‘Never too late to try something new’: Q&A with Alum Karma Brown, author of “The 4% Fix”
Award-winning journalist and writer Karma Brown set out to change her habit of hating early mornings and instead own and use the time for herself. In her book “The 4% Fix, external link,” Brown shares how waking up at 5 a.m., and committing to the first 4 per cent of her day changed her way of living. Brown’s book touches on subjects such as being a working mother, time management, restarting after failure and organically growing habits.
What inspired you to write this book?
This book wasn’t so much inspired as it was commissioned. HarperCollins Canada approached me about doing a book on my 5 a.m. writing habit, and more generally, exploring how others could harness an early morning hour to accomplish something they never thought they’d have the time for. Though I have plenty of non-fiction writing experience thanks to my magazine work, I’d never really considered doing anything long-form. So even though I wasn’t sure exactly what this book would look like, I said yes – you can always figure it out as you go!
What were some of your challenges while writing?
I have written a lot for magazines, including heavily-researched pieces up to 2,000 words. But really long-form non-fiction—to the tune of 70,000 words or so—was an entirely different experience. The research piece was fine, but as a fiction writer, I’m used to making everything up (with facts/research enhancing the prose). I had to mine my personal life for this book, as well as do deep dives into topics I wasn’t well versed on (like the science of sleep), and there were times when both of those elements felt overwhelmingly challenging.
What has the reaction from readers been like? Have they shared how the book has helped them?
Reactions from readers have been wonderful, and that is truly what makes me glad I said “yes” to the request to write this book. I get notes from people who have decided to implement their own “4% Fix”—waking up earlier so they get that hour to themselves, to tackle something exciting, new, or fun. And it has been gratifying to see how well it works for those who try it out!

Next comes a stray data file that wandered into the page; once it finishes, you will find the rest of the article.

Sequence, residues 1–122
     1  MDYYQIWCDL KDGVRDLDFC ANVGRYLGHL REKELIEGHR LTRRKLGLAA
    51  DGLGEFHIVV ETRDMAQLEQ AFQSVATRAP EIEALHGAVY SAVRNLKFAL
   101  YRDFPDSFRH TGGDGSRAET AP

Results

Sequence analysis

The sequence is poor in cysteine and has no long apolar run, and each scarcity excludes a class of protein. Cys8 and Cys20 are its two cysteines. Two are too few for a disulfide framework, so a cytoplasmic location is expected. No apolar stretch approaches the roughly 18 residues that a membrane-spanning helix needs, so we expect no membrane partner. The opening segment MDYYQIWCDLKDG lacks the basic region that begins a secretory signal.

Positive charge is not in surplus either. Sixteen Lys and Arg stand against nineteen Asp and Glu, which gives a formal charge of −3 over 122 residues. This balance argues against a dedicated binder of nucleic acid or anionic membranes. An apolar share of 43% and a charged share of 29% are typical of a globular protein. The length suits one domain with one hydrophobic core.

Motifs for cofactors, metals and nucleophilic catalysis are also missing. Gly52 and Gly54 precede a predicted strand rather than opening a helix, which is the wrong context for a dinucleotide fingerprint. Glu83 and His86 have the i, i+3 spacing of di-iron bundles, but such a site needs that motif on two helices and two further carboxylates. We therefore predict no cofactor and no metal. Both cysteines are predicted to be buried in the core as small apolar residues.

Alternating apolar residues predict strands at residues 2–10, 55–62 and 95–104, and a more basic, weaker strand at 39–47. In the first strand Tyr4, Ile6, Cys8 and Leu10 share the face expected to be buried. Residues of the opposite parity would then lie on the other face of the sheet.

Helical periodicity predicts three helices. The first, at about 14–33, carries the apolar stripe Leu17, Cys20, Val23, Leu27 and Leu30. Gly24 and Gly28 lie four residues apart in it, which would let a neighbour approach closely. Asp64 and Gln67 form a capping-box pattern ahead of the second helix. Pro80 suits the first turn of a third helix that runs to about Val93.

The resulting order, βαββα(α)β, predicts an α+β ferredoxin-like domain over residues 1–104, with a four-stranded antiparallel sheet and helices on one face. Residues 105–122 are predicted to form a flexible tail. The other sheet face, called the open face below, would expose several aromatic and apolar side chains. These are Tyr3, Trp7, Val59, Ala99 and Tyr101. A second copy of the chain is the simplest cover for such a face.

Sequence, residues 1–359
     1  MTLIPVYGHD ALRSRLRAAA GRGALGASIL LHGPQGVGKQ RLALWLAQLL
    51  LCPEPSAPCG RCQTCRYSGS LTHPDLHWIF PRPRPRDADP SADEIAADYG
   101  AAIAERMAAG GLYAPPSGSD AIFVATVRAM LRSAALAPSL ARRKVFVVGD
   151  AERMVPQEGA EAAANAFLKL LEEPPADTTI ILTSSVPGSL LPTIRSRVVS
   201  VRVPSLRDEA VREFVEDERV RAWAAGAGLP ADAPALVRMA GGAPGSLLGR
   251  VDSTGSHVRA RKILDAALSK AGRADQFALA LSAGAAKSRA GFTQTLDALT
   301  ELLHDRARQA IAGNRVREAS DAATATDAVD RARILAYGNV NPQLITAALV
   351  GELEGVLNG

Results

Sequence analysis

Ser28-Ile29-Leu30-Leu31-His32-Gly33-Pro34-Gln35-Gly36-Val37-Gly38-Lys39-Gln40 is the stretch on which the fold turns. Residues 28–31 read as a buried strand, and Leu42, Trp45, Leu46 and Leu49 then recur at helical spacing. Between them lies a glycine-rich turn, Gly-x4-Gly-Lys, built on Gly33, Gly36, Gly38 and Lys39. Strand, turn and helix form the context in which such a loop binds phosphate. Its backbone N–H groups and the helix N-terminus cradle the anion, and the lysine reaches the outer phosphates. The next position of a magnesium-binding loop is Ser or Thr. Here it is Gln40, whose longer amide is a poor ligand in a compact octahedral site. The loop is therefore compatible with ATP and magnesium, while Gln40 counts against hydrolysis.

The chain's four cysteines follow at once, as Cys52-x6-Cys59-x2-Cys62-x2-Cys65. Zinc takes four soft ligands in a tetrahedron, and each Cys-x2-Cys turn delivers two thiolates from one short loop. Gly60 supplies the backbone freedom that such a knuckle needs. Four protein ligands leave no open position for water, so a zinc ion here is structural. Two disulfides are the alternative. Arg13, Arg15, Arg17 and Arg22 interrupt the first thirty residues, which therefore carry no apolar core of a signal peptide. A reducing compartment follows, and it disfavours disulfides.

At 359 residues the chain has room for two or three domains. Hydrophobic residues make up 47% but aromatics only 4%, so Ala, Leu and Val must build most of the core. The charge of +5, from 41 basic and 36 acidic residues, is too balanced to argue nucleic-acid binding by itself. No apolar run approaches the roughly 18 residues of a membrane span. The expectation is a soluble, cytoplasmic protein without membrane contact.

What was one of the most surprising things you learned while writing the book?
How difficult it is to share so much of your personal story and life between the pages. There were times where I felt exhausted by my own “voice,” if that makes sense. It wasn’t always easy to revisit some of the moments I shared in the book.
What is the main message that you hope people take away from the book?
That being endlessly curious is one of the greatest gifts you can give yourself, and that it’s never too late to try something new.
While writing this book, how did you feel retelling your journey about using the 4% fix yourself?
As I mentioned above, at times it was hard to revisit some of my experiences. You really have to be quite vulnerable in a book like this, because you are letting others see your inner workings. But one of the greatest compliments I’ve received since it was published was when people who know me in real life said, “It felt like I was having a conversation with you—like you were right there on my shoulder, talking into my ear.”
If you could only tell your younger self one piece of advice that you shared in the book, what would it be?
How did you choose which quote to put for each chapter? Do you have a favourite quote that you used?
I searched through a lot of text to find those quotes and included a few of my personal favourites from authors, poets and others I respect. My favourite quote of all is the one at the top of the KNOW THYSELF chapter, from Richard Wagamese in EMBERS: “Nothing in the universe ever grew from the outside in.”
Has your own 4% Fix changed after writing this book?
It hasn’t. That’s the thing about this book—taking that hour or two in the pre-dawn morning is a habit that grew organically for me, and it has become such a part of my life, my every day, that I think it’s with me for good.